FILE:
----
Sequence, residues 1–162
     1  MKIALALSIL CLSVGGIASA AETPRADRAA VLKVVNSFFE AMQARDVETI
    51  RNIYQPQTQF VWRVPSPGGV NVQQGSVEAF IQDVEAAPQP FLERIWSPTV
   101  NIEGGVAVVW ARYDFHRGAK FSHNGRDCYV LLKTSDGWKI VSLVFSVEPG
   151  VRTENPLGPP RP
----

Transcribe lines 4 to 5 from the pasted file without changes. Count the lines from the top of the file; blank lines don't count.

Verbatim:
   101  NIEGGVAVVW ARYDFHRGAK FSHNGRDCYV LLKTSDGWKI VSLVFSVEPG
   151  VRTENPLGPP RP